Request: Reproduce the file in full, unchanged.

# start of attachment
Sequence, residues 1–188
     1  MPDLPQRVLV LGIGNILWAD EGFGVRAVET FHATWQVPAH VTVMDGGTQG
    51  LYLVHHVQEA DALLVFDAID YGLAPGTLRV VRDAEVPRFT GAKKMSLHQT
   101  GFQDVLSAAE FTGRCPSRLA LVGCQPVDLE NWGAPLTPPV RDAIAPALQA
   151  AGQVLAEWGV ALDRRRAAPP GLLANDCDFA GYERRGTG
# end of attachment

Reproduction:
Sequence, residues 1–188
     1  MPDLPQRVLV LGIGNILWAD EGFGVRAVET FHATWQVPAH VTVMDGGTQG
    51  LYLVHHVQEA DALLVFDAID YGLAPGTLRV VRDAEVPRFT GAKKMSLHQT
   101  GFQDVLSAAE FTGRCPSRLA LVGCQPVDLE NWGAPLTPPV RDAIAPALQA
   151  AGQVLAEWGV ALDRRRAAPP GLLANDCDFA GYERRGTG